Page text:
Hurricane Electric's IPv6 Tunnel Broker Forums

General IPv6 Topics => IPv6 Basics & Questions & General Chatter => Topic started by: cconn on April 13, 2011, 12:22:11 PM

Title: RFC 3177 obsoleted
Post by: cconn on April 13, 2011, 12:22:11 PM
thank god.  6177 is the new recommendation.

http://tools.ietf.org/rfc/rfc6177.txt 

Title: Re: RFC 3177 obsoleted
Post by: Mierdin on April 13, 2011, 04:26:56 PM
I never understood the old RFC - this new one is far more logical.
Title: Re: RFC 3177 obsoleted
Post by: revellion on May 07, 2011, 06:05:43 AM
Seems more well thought out. i could live with as an end-user to get a /56, whereas i can see that larger organisations could want atleast /48 from an ISP.

/56 with 8 bits for subnet which be ~256 subnets for a home user more than well covers the possible 2 subnets minimum for one for wired and one for wireless in the cases they are not bridged..., and you'd still have ~254 subnets to toy with for the more enthusiastic users like myself. i barely max out with using more than 50-60 good old 192.168.0.0/24's with my laboratory VPN-BGP net so it should be sufficient.
Title: Re: RFC 3177 obsoleted
Post by: cconn on May 07, 2011, 07:55:35 AM
a brief discussion I had with Owen DeLong had me notice he still believes /56 is heresy and /48 for the home user should be the preferred prefix size for ISPs....hmm.
Title: Re: RFC 3177 obsoleted
Post by: cholzhauer on May 07, 2011, 06:13:50 PM
Did Owen say why he thought that?
Title: Re: RFC 3177 obsoleted
Post by: stolen on May 07, 2011, 11:08:11 PM
Likely future proofing for the "internet of things". Eventually, home users may want to have different subsets of "things" on different subnets. (Media centers, light switches, kitchen appliances, security devices, mobile devices, inventory (which could be broken down into other subsets, clothes, food, toys), etc)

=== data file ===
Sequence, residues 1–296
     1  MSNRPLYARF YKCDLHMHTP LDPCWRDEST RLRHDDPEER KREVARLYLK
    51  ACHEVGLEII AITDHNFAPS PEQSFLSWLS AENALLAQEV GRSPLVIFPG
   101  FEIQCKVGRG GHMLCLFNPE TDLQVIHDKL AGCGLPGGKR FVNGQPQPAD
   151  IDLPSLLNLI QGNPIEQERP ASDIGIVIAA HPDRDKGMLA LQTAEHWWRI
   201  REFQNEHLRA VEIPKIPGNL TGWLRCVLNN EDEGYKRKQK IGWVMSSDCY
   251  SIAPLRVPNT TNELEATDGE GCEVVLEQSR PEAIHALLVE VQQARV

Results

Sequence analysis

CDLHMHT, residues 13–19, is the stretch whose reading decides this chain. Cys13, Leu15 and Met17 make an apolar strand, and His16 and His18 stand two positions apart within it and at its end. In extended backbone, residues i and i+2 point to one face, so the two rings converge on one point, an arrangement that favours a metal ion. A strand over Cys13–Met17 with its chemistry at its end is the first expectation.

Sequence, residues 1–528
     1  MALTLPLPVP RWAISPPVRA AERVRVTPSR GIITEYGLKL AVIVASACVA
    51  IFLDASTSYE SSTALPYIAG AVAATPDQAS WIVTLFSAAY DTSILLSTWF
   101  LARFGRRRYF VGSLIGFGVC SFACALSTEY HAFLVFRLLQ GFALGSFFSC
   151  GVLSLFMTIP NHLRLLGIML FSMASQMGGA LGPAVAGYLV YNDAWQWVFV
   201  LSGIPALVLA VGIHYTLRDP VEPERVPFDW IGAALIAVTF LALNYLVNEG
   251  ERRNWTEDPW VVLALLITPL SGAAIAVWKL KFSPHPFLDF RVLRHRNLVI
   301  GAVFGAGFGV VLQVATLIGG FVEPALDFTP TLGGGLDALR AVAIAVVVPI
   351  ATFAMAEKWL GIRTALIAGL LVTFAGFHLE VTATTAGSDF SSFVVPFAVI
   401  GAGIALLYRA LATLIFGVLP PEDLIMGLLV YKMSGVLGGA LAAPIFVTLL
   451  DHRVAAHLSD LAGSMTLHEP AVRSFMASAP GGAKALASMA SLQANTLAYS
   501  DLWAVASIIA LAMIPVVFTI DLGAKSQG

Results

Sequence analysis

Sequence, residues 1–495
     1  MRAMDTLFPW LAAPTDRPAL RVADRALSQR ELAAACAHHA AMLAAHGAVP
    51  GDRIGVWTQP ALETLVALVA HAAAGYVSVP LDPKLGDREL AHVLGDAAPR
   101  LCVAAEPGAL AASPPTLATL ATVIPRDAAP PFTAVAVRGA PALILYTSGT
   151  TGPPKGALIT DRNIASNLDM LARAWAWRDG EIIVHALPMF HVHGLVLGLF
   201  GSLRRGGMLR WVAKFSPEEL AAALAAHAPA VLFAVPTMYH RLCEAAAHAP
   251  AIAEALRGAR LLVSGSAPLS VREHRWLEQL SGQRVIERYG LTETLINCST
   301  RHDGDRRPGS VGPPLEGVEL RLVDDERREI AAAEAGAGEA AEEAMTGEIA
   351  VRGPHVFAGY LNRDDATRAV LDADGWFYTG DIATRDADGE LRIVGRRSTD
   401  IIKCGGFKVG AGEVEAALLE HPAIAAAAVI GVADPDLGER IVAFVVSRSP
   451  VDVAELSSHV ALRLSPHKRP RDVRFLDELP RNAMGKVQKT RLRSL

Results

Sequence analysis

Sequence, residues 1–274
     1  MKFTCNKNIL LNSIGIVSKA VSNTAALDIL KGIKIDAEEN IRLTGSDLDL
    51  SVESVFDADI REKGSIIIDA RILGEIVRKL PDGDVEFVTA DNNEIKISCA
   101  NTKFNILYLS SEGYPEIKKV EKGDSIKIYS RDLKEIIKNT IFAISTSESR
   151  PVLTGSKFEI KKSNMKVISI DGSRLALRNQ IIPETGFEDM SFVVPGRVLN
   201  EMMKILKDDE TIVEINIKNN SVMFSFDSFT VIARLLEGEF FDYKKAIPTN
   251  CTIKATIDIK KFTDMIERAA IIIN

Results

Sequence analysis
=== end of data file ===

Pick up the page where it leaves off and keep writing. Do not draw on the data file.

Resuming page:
256 subnets may be too few for that.

However, from an ISP perspective, 65K /48's in a /32 means I'd need a lot of /32's to cover my user base.  Yes, there are a lot of /32's in the first /3, but it's a lot of administration that could be removed if we just used /56's (which would give us enough subnets in 1 /32 to more than cover our particular user base).  And the "internet of things" is a long way off from a budgetary perspective. :)

Title: Re: RFC 3177 obsoleted
Post by: chandro on May 13, 2011, 09:21:46 AM
i still thinking /56 is a lot!, if the ISP get a /32, and give each customer /64 or /56 can be good.

i have a /48 and i only use 10-15 ips.

is not so funny like ipv4 when i start and have many ips 30-60 or more, now there is a billions of ips, and i use less..
Title: Re: RFC 3177 obsoleted
Post by: cconn on May 13, 2011, 11:21:44 AM
i still thinking /56 is a lot!, if the ISP get a /32, and give each customer /64 or /56 can be good.

i have a /48 and i only use 10-15 ips.

is not so funny like ipv4 when i start and have many ips 30-60 or more, now there is a billions of ips, and i use less..

well our current testbed is using /64 for PtP links to the customer, and a /56 can be assigned over DHCP-PD.  I think Mr Delong is maintaining the /48 mantra since there will (if visionaries are correct) be an explosion of devices that will require IPs.  I have been doing IPv4 for more than 15 years, so trying to get out of the v4 overalls and into v6 might be my problem as to why I don't see the point in assigning even more than a /64 to an end-user (residential anyway...)